In The Post-Urban World

This new book edited by Tigran Haas and Hans Westlund from KTH is a collection of interesting and somewhat oblique essays on the urban world we have entered. Lot of people you know writing here. Ed Glaeser, Richard Florida, Patrick Adler, Rahul Mehrotra, Felipe Vera, myself, Hans Westlund, Paul Knox, and Richard Sennett – and that is the first part. And then in two more parts: Jessie Poon, Wei Yin, Kaisa Snellman, Jennifer Silva, Carl Frederick, Robert Putnam, Kyle Farrell, Tigran Haas, Fulong Wu, Karima Kourtit, Peter Nijkamp, Edward Soja, Fran Tonkiss, Laura Burkhalter, Manuel Castells, Saskia Sassen, Susan Fainstein, Emily Talen, Michael Neuman, Nadia Nur, Nina-Marie Lister, Duncan McLaren and Julian Agyeman. You can get a sneak preview using some Google Gizmo that is attached to the site.

In the last few decades, many global cities and towns have experienced unprecedented economic, social, and spatial structural change. Today, we find ourselves at the juncture between entering a post-urban and a post-political world, both presenting new challenges to our metropolitan regions, municipalities, and cities. Many megacities, declining regions and towns are experiencing an increase in the number of complex problems regarding internal relationships, governance, and external connections. In particular, a growing disparity exists between citizens that are socially excluded within declining physical and economic realms and those situated in thriving geographic areas. This book conveys how forces of structural change shape the urban landscape.

In The Post-Urban World is divided into three main sections: Spatial Transformations and the New Geography of Cities and Regions; Urbanization, Knowledge Economies, and Social Structuration; and New Cultures in a Post-Political and Post-Resilient World. One important subject covered in this book, in addition to the spatial and economic forces that shape our regions, cities, and neighbourhoods, is the social, cultural, ecological, and psychological aspects which are also critically involved. Additionally, the urban transformation occurring throughout cities is thoroughly discussed. Written by today’s leading experts in urban studies, this book discusses subjects from different theoretical standpoints, as well as various methodological approaches and perspectives; this is alongside the challenges and new solutions for cities and regions in an interconnected world of global economies.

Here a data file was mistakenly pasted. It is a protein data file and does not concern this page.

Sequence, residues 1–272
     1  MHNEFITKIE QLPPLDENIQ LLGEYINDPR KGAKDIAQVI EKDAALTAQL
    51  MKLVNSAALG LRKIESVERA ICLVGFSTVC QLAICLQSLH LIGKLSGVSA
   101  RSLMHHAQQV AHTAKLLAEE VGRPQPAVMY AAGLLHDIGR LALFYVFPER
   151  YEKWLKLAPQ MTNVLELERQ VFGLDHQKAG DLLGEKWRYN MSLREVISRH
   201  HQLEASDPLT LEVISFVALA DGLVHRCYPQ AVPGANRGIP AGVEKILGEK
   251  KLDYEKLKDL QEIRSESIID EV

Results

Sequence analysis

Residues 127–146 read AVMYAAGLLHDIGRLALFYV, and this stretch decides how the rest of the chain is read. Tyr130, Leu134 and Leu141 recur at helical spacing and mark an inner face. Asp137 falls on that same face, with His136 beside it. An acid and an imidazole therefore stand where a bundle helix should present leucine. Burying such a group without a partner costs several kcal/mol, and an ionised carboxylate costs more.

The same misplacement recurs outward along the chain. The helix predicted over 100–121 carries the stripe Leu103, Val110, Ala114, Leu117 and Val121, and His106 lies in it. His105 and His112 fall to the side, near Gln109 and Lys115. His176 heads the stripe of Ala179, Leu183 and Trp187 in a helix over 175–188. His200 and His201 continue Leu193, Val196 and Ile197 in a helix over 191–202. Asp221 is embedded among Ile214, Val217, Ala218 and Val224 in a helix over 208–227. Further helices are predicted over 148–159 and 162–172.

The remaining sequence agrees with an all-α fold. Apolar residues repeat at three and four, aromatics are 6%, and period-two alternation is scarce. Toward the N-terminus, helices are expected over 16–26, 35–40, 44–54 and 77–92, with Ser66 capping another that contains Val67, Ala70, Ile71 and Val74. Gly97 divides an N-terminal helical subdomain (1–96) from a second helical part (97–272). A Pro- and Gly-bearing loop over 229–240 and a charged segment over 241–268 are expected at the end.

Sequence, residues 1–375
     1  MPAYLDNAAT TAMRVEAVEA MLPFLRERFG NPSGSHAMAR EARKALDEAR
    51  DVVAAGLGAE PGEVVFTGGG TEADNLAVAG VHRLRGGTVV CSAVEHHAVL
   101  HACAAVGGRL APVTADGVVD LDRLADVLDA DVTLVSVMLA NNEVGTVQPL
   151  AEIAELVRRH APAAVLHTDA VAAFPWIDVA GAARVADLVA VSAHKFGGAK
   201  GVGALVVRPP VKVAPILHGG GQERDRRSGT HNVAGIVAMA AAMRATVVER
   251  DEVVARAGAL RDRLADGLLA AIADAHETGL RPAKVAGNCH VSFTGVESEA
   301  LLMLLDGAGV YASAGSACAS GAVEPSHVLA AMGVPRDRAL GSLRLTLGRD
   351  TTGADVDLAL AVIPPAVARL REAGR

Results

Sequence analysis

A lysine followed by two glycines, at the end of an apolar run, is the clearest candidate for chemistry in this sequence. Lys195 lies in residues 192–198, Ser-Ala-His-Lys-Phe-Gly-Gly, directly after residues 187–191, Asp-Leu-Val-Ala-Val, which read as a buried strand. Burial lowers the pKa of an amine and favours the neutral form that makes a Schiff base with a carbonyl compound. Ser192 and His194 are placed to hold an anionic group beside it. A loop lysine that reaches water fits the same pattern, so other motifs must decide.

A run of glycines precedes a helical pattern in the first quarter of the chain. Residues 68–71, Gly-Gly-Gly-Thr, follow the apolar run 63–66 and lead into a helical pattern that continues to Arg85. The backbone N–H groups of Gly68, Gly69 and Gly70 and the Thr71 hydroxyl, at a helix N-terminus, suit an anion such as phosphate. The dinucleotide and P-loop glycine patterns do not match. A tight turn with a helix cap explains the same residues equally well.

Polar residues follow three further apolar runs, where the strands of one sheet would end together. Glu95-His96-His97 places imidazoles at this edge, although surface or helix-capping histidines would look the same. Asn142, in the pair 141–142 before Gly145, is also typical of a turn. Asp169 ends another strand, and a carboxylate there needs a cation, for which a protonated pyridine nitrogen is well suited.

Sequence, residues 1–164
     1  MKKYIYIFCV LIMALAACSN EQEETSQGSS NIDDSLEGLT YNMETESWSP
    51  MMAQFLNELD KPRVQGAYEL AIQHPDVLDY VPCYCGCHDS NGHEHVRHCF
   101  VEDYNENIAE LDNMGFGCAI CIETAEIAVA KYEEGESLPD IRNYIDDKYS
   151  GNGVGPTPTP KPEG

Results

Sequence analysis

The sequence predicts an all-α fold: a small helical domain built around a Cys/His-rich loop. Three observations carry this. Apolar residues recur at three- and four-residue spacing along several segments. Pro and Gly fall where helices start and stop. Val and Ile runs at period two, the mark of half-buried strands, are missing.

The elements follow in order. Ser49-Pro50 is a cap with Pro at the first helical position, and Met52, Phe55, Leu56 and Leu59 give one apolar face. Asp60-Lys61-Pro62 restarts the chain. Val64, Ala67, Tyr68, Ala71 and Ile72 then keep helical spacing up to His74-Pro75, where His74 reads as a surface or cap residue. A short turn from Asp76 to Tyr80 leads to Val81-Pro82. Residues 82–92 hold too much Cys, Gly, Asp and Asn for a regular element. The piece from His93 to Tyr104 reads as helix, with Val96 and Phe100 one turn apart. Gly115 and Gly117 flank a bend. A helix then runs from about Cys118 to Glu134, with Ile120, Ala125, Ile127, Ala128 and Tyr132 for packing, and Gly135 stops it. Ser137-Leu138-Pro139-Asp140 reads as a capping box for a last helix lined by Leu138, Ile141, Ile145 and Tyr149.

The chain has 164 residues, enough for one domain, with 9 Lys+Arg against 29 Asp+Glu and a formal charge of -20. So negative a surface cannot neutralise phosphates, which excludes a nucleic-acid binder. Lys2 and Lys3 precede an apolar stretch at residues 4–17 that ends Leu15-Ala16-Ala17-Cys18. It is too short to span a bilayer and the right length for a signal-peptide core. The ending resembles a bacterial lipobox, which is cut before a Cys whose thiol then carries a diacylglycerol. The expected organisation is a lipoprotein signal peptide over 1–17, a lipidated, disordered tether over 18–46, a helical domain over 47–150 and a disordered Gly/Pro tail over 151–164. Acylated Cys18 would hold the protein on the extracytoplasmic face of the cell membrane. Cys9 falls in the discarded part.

Cities, Environment and Sustainability


Hegel once said that ‘everything is connected to everything else’ and in our world of cities, this seems ever resonant with the problems that we face. Danny Hillis and Neri Oxman have called this the Age of Entanglement and in this workshop, myself, Susan Hanson from Clark University and Billie Turner from ASU as well as colleagues from the Chinese University,  Hong Kong University and the Baptist University explore how we develop themes that are wide and diverse and seemingly far apart but in fact are close in that we cannot explore one without the other. The title of the workshop centred around environment and sustainability and how cities are at this interface is a superb example of entanglement. Drill down here for the topics that will be/have been presented at the Chinese University of Hong Kong on Monday 11th April 2016.

The Circular Economy


The new book from the Ellen MacArthur Foundation contains a series of articles on cities and the built environment that relates to renewability and regeneration in terms of energy, information and new ways of conserving both physical and human resources. I have a chapter here on cities where I examine how we might think about circularity of resources use within the city arguing that we need to generate a renewable infrastructure with respect to how we move between places in the city. To break the non renewable cycle generating ever more urban growth we need to generate a balanced city structure in which our movement patterns are supported and sustained by resources that are self-generated. This probably means a shift from non renewable fuels but ti does not necessarily mean the end of urban growth for it the system is sustainable, then cities can begin to grow in a balanced way. Besides changing our use of energy we may substitute it with information and that probably means autonomous vehicles that use much less energy (but still some) but focus on how best to move using information as a key resource. Anyway what I walk about is rather speculative but it is all part of our new concern for the fact that new urban forms will emerge as we move towards a circylkar economy, with the age-old link between form and functions – which is breaking anyway in the information age – becoming significant in very different ways from the past.

There are lost of other interesting articles in this book and let me list them

  • Circular business opportunities for the built environment—Ellen Franconi, Brett Bridgeland
  • The renewable energy transition—Insights from Germany’s Energiewende-Patrick Graichen and Markus Steigenberger
  • Towards a regenerative food system — Martin Stuchtey and Morten Rossé
  • Ecosystems as a unifying model for cities and industry— Michael Pawlyn
  • The circular economy of soil— L. Hunter Lovins
  • Remanufacturing and the circular economy—Nabil Nasr
  • Selling access over ownership—Ken Webster
  • Broader lessons from self-organising traffic lights in city transport systems— Dirk Helbing and Stefan Lämmer
  • Challenges and capabilities for scaling up circular economy business models—a change management perspective— Markus Zils, Phil Hawkins and Peter Hopkinson
  • Cities as flows in a circular economy— Michael Batty
  • Circularity indicators— Chris Tuppen